A Good Sales Pitch

I recently heard on the radio what I consider to be a pretty good sales pitch. It had this phrase:

“12 steps to double sales in 12 months!”

The purpose of the commercial was essentially to sell a program to help your business increase sales. It was that one phrase that stood out to me. I think its a great sales phrase because it does three things: Tells you how simple it is, how you will benefit, and how long it will take.

“12 steps”

Sounds simple doesn’t it? Giving something so specific and giving a hard number to it allows me to wrap my head around it. I like that it has a clear number of steps. One could think: “Only 12 steps huh? . . . well if they have narrowed it down to just 12 things, they they must be effective things, and I can do 12 things.”

“Double sales”

Who doesn’t want to double sales? That is a clear benefit. Plus, its not out of this world unrealistic. Sure, doubling sales is a big deal, but they didn’t say 10x sales or something like that. Doubling sounds big enough to pay attention to, but low enough to be believable.

“12 months!”

Giving a time to it is good. Similar to the¬†believability¬†of the sales claim, it sounds long enough to be realistic. If they would have said “Double sales in 1 month!” I would have thought it was a scam or was basing their results off of deceptive statistics.

Of course, many companies are going to have increased sales in 12 months anyways. So the program may only need to have an effect of increasing sales by 60% while the company would have increased sales on their own by 40%. But at any rate, Its probably a helpful program.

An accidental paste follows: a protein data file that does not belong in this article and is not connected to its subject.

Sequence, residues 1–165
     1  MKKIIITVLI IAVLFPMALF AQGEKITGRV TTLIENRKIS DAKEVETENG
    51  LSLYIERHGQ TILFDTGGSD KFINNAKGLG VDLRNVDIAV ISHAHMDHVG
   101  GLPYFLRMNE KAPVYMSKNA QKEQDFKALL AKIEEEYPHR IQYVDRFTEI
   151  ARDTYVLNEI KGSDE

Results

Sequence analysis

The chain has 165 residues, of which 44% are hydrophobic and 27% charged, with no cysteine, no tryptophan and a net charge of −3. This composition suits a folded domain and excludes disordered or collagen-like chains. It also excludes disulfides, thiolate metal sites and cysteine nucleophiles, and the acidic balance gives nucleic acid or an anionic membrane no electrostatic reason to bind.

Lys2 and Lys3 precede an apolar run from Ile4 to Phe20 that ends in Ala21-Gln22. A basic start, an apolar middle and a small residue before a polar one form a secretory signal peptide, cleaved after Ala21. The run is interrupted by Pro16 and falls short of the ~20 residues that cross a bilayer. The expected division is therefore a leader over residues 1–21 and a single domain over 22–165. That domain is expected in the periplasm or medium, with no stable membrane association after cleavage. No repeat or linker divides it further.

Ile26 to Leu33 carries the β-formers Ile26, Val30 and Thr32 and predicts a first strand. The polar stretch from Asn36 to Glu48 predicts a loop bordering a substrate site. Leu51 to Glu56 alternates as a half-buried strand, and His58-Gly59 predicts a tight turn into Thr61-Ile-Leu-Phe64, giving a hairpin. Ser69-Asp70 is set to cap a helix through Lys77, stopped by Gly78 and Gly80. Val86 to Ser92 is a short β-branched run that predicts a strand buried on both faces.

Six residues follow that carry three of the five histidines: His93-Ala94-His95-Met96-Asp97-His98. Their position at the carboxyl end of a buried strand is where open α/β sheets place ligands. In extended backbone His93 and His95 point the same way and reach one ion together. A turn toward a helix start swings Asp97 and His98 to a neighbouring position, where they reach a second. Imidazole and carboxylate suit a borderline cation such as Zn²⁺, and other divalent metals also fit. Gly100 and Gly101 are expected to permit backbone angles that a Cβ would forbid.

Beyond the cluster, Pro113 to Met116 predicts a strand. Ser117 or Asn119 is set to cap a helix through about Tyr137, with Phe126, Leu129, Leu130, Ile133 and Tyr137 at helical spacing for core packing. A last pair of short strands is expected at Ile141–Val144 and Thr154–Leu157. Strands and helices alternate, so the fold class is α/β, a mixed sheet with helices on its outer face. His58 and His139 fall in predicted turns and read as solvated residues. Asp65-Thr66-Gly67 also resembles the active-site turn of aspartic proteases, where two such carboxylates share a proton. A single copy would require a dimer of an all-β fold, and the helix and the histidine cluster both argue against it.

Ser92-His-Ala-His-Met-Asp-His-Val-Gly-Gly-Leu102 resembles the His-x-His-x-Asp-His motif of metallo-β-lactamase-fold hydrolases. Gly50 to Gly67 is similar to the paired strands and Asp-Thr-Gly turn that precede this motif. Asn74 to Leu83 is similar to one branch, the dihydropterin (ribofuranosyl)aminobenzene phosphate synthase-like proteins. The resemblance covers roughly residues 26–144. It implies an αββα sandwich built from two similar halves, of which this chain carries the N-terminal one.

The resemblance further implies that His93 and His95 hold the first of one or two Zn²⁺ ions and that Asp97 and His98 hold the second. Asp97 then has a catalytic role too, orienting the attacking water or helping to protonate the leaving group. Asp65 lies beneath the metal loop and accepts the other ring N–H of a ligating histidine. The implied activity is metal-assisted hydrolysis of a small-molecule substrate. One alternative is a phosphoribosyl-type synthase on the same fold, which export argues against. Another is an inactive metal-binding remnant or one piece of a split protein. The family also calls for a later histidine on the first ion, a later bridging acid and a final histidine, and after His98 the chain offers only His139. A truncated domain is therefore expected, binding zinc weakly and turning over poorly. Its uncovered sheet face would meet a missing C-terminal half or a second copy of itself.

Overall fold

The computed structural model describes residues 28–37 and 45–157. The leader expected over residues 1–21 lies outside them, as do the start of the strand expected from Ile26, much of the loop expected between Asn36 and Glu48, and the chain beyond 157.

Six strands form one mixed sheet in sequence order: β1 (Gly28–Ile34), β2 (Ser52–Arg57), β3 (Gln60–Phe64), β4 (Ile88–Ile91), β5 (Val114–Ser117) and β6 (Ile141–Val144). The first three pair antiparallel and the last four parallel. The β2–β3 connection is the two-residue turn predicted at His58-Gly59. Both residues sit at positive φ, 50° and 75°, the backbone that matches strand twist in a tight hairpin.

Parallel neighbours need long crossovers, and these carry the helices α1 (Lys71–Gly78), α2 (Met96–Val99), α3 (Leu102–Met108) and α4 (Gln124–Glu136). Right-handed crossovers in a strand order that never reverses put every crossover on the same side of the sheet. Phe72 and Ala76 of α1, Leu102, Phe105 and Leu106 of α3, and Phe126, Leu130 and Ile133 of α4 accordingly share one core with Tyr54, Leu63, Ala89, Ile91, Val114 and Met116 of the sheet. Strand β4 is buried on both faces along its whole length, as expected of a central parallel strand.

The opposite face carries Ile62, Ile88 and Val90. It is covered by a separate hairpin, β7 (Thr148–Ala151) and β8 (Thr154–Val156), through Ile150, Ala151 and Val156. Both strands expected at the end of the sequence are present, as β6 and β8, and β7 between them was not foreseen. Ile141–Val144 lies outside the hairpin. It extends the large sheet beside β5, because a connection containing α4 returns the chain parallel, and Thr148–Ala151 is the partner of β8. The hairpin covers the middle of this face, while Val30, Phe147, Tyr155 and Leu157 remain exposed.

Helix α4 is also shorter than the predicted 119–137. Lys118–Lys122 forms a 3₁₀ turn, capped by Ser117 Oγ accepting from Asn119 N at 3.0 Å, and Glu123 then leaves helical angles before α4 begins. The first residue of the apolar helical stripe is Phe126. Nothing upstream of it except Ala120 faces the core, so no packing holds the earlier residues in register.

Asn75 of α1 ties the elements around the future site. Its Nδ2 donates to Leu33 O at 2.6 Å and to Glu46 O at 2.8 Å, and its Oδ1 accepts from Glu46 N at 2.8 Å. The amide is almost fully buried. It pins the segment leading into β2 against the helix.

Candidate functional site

The long and short of it is: I think companies of all shapes and sizes can learn from this sales pitch. Companies can not only improve their own sales numbers, but they can apply the concept to the purpose and direction of their companies and the message they are sending to customers. Customers want to know what it will do for them, and have clear terms on how the company is going to do that. And employees of companies need to know that too. Its nice to understand the direction of the company you are working for.

Come to think of it, I should apply this for my own company. Particularly – what message am I trying to get across to my potential customers? Is it clear? Do they see the value in it? Do they know I’m efficient in the time I spend working for them? I’ll work on that.

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